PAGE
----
Friday, December 25, 2015

usbackroads destination--Snake River Invasive Bird Project 2015

usbackroads destination--Snake River Invasive Bird Project 2015

Trip dates: October 22, 2015- November 2, 2015

Another year, another Snake River Invasive Bird Project. We had high hopes that the pheasant population would be dramatically higher given the dry spring.

Changes were afoot this year. The 5th wheel was safely parked in Benson, Arizona. The Casita would be the RV of choice this year. The 17 foot Casita fits two in love, but one is the preferable capacity.  In fact, it is so small that Bugaboo was sleeping in the Dodge Ram. So since I was NOT that in love with Terry and since he sold his 5th wheel that meant he would be sleeping in a tent.

Notice the water containers to hold up the tent.  We were hoping that the infamous Snake River windstorms would not make an appearance this year. Alas, that was not the case.  The good news is that the egg shape of the Casita made it warm, quiet and cozy to sleep. Well, for Terry it was a little more interesting.  This is the tent after the windstorm.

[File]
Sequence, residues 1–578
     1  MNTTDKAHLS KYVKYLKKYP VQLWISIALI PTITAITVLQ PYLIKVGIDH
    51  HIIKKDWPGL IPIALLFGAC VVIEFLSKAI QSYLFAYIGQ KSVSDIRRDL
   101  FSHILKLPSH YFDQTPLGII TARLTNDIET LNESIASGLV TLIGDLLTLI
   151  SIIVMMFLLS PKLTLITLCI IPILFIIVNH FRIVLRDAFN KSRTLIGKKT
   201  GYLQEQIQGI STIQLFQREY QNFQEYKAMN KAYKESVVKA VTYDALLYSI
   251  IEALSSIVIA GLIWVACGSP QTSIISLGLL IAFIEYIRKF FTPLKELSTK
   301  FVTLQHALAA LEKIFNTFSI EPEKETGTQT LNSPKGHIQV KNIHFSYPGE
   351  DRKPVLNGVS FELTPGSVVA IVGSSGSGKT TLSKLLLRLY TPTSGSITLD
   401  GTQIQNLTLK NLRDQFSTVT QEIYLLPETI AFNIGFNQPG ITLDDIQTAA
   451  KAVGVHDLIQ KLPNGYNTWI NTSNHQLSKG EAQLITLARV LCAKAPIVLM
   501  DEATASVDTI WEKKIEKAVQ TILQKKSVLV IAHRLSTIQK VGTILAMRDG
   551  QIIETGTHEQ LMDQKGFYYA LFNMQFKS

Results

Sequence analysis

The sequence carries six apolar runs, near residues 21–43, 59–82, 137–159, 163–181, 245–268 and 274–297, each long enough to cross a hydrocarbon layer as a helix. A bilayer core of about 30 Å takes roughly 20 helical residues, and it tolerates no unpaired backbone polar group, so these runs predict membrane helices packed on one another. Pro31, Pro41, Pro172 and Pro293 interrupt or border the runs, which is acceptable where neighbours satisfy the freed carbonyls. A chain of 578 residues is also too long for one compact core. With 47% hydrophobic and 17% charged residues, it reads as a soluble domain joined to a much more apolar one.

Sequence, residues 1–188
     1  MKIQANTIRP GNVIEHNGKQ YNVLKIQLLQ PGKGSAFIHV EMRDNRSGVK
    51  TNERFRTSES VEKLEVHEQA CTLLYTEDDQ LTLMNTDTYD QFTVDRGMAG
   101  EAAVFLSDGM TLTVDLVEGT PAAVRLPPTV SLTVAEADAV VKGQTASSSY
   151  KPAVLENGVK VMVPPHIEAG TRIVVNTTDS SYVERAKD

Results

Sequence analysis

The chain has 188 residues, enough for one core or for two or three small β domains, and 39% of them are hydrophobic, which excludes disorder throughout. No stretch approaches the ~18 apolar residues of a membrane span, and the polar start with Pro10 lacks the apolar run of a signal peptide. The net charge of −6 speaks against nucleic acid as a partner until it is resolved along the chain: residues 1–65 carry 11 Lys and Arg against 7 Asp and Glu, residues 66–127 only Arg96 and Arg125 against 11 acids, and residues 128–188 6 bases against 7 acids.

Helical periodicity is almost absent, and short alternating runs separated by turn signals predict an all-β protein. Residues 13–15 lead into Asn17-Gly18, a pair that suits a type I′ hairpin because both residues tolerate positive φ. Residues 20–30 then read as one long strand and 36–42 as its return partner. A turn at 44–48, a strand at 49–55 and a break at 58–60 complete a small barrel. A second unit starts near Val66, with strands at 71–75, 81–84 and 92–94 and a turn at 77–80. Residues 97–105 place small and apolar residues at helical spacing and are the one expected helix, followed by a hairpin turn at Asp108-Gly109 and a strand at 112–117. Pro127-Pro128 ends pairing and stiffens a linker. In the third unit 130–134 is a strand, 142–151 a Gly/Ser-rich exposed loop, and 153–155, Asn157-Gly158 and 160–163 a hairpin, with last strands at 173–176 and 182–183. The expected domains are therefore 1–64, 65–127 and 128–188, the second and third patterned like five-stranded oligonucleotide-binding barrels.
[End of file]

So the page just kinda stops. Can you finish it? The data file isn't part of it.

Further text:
So we parked the trucks around the tent. Anchored it to a log and put coolers inside and out to keep the tent from moving. Next year any tent company that wants us to test their designs we are willing to put them to the test.

The Casita was perfect for a windstorm!

I did notice that the Casita comes with its own night lights. A couple of LED lights on the fridge.  Light's up the entire trailer at night. I just covered with a towel at night. 

Once we settled we started hunting. For Bugaboo he was a "professional" this year. Slow and efficient, never got excited. Just pointed the birds and brought them back IF I hit them. I ended up with 15 birds for this trip. It was, however, a rocky start to the season> I finally shot my first bird on day four. Things did improve after that.